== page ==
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ITEM # 
SA763059

Antique Pair Ormolu & Sevres Porcelain Two Branch Wall Lights Sconces 19th C

Price

£2,550 | $3,555 USD | €2,949 EUR
Item Number: SA763059
Date of manufacture: 19th Century
Current Status: For sale
Seller: Regent Antiques
This antique has been viewed 18 times in the past month with the most views from France.

Description

This is a stunning Antique pair of Sevres porcelain and ormolu wall lights, Circa 1870 in date.

They each feature an elegant classical frame topped with a ribbon crest with a satyr mask below and featuring upturned scrolling acanthus two branch arms with foliate cast sconces.

They feature inset hand painted porcelain panels depicting scenes of couples in Arcadian landscapes scenes each on a stunning bleu celeste ground with gilt highlights. On the reverse they bear the interlaced A's marks for Sevres and the printed marks 'S. 27'

There is no mistaking their unique quality and design and they will soon instantly enhance the style of one special room in your home.

Condition:
In really excellent condition with no chips, cracks or signs of repair, please see photos for confirmation of condition.

Dimensions in cm:
Height 37 x Width 24 x Depth 14

Dimensions in inches:
Height 14.6 x Width 9.4 x Depth 5.5

Sevres Porcelain
traces its roots in France to early craftsmen who had small manufacturing operations in such places as Lille, Rouen. St. Cloud, and most notably Chantilly. It is from Chantilly that a cadre of workers migrated to the Chateau de Vincennes near Paris to form a larger porcelain manufactory in 1738.

French King Louis XV, perhaps inspired by his rumoured relationship with mistress Madame de Pompadour, took an intense interest in porcelain and moved the operation in 1756 to even larger quarters in the Paris suburb of Sevres. Sevres was also conveniently near the home of Madame de Pompadour and the King's own Palace at Versailles.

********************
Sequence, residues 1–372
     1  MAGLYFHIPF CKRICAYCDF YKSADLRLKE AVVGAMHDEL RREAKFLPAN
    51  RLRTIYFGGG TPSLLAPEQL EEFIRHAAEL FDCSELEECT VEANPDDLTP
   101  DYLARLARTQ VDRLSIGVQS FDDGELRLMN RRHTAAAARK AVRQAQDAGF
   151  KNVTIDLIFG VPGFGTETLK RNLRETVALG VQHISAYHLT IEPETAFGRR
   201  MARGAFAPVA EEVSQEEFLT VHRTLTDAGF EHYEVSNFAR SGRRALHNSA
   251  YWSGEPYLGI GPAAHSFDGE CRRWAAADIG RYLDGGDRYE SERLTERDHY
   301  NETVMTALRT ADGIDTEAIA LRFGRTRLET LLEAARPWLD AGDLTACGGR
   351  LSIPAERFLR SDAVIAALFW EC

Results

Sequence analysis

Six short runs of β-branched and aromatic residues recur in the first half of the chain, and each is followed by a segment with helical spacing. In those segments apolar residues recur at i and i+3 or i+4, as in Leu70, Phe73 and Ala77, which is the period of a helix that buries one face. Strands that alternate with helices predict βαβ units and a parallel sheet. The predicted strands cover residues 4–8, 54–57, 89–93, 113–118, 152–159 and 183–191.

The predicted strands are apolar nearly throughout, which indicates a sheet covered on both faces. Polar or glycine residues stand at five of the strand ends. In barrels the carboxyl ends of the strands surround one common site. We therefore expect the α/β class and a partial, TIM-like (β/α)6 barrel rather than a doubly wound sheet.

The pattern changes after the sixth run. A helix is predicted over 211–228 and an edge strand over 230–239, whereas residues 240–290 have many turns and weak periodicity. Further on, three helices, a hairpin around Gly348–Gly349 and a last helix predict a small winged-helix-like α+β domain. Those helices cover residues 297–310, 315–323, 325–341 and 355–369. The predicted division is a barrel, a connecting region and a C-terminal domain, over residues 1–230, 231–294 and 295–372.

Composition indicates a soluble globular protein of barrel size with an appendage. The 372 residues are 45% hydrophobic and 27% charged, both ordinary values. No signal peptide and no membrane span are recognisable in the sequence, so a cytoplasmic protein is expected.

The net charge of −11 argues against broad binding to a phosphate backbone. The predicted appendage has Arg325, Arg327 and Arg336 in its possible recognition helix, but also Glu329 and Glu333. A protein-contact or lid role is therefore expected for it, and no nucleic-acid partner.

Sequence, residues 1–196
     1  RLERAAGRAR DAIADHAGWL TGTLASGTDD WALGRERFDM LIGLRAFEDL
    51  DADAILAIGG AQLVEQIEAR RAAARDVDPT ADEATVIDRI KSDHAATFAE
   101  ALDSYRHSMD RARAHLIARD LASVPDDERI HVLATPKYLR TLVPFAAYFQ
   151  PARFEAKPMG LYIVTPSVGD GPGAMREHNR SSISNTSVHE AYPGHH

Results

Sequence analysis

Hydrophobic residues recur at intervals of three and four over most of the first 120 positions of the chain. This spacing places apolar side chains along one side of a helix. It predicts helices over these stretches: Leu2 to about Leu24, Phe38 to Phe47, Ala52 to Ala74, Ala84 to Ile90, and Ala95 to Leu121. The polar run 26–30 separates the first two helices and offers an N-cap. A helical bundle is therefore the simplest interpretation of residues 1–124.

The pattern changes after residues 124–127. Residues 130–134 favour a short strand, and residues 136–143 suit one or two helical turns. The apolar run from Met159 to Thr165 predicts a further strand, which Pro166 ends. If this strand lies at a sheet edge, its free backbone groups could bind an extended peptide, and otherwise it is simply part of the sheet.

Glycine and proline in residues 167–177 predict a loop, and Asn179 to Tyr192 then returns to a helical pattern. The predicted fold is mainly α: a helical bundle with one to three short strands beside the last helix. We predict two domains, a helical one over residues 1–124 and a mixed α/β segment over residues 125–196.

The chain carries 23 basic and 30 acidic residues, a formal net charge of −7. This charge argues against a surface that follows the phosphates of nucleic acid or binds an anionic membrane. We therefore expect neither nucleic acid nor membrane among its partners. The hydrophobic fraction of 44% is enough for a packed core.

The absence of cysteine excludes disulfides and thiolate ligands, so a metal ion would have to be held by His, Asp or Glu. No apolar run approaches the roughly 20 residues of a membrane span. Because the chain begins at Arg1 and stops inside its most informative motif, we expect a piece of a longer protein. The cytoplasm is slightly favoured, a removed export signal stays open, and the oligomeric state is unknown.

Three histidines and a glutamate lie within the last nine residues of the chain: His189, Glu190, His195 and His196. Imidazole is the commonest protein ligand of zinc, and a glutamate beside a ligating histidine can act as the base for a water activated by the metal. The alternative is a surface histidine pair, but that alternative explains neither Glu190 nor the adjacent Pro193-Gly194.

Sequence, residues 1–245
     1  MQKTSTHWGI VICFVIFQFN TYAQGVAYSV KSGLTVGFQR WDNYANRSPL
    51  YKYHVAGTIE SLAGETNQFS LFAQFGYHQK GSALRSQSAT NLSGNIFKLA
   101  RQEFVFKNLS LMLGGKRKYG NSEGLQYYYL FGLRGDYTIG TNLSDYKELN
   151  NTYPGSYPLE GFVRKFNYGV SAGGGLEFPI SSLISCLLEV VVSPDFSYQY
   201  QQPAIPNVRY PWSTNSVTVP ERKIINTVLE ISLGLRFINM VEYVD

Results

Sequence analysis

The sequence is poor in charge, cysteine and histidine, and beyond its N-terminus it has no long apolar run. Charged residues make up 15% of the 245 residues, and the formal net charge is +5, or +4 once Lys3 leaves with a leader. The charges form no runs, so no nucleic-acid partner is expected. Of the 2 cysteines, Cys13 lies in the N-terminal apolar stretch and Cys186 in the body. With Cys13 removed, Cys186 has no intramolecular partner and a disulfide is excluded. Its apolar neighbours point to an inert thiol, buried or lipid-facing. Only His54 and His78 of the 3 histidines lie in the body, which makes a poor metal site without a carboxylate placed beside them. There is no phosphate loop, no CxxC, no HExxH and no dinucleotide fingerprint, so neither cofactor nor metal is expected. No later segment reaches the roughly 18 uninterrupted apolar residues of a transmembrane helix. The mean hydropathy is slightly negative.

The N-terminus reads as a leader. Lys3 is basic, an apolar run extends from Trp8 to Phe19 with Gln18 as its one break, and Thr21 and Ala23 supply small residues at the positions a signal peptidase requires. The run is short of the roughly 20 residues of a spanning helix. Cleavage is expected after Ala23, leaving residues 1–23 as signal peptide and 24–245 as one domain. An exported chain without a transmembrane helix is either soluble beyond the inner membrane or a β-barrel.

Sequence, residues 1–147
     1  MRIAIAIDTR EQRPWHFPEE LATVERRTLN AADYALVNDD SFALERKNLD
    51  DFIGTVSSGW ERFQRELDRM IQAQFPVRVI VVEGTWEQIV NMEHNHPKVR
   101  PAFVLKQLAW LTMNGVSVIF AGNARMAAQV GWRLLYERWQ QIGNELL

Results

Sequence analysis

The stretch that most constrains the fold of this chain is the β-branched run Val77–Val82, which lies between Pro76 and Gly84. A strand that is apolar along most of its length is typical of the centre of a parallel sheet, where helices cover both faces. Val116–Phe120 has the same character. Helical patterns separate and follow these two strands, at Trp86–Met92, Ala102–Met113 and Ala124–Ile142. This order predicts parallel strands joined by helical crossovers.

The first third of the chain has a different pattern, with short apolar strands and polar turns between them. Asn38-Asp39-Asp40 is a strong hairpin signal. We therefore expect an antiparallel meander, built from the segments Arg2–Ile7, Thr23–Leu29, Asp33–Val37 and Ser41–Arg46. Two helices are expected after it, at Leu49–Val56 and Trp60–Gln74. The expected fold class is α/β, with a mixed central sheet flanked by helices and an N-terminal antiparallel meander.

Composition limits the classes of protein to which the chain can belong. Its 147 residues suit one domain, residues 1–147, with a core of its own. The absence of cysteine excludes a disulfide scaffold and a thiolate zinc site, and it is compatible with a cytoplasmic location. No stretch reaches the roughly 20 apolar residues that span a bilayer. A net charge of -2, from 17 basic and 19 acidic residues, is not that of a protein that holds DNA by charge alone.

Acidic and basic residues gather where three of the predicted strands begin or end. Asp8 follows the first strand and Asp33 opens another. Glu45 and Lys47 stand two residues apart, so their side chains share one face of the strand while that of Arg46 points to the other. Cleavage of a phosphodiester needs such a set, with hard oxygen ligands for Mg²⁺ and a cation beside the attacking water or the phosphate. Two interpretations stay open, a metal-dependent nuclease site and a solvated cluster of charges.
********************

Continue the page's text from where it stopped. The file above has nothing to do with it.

From the outset, the king's clear aim was to produce Sevres Porcelain that surpassed the established Saxony works of Meissen and Dresden. Though the French lacked an ample supply of kaolin, a required ingredient for hard-paste porcelain (pate dure), their soft-paste porcelain (pate tendre) was fired at a lower temperature and was thus compatible with a wider variety of colours and glazes that in many cases were also richer and more vivid. Unglazed white Sevres Porcelain "biscuit" figurines were also a great success. However, soft-paste Sevres Porcelain was more easily broken. Therefore, early pieces of Sevres Porcelain that remain intact have become rare indeed.

The Sevres Porcelain manufactory always seemed to be in dire financial straits despite the incredibly fine works it produced. In fact, the king's insistence that only the finest items be created may have contributed to the difficulties. Only a limited number of European nobility could afford the extravagant prices demanded for such works. King Louis XV and eventually his heir, the ill-fated Louis XVI, were obliged to invest heavily in the enterprise. Ultimately, the Sevres Porcelain Factory produced items under the name of "Royal" and thus the well-known Sevres mark was born. King Louis XV even mandated laws that severely restricted other porcelain production in France so as to retain a near monopoly for his Sevres Porcelain. The king even willingly became chief salesman for the finest of his products, hosting an annual New Year's Day showing for French nobility in his private quarters at Versailles. He eagerly circulated among potential buyers, pitching the merits of ownership and policing the occasional light-fingered guest.
Sevres Porcelain may have indeed given the makers of Meissen and Dresden a run for their money by the end of the 18th Century but for the French Revolution. By 1800, the Sevres Porcelain Works were practically out of business due to the economic devastation of the new French Republic.

About the time when Napoleon Bonaparte named himself Emperor of France (1804), a new director was named for the Sevres Porcelain Manufactory. Alexandre Brongniart, highly educated in many fields, resurrected Sevres Porcelain. Soft-paste porcelain was eliminated altogether thanks to
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Declaration

This item is antique. The date of manufacture has been declared as 19th Century.


Dimensions

Height = 37 cm (14.6")
Width = 24 cm (9.4")
Depth = 14 cm (5.5")


Seller Details

Regent Antiques
Manor Warehouse
318 Green Lanes
London
N4 1BX
United Kingdom
Tel:

International Tel:

https://www.regentantiques.com/


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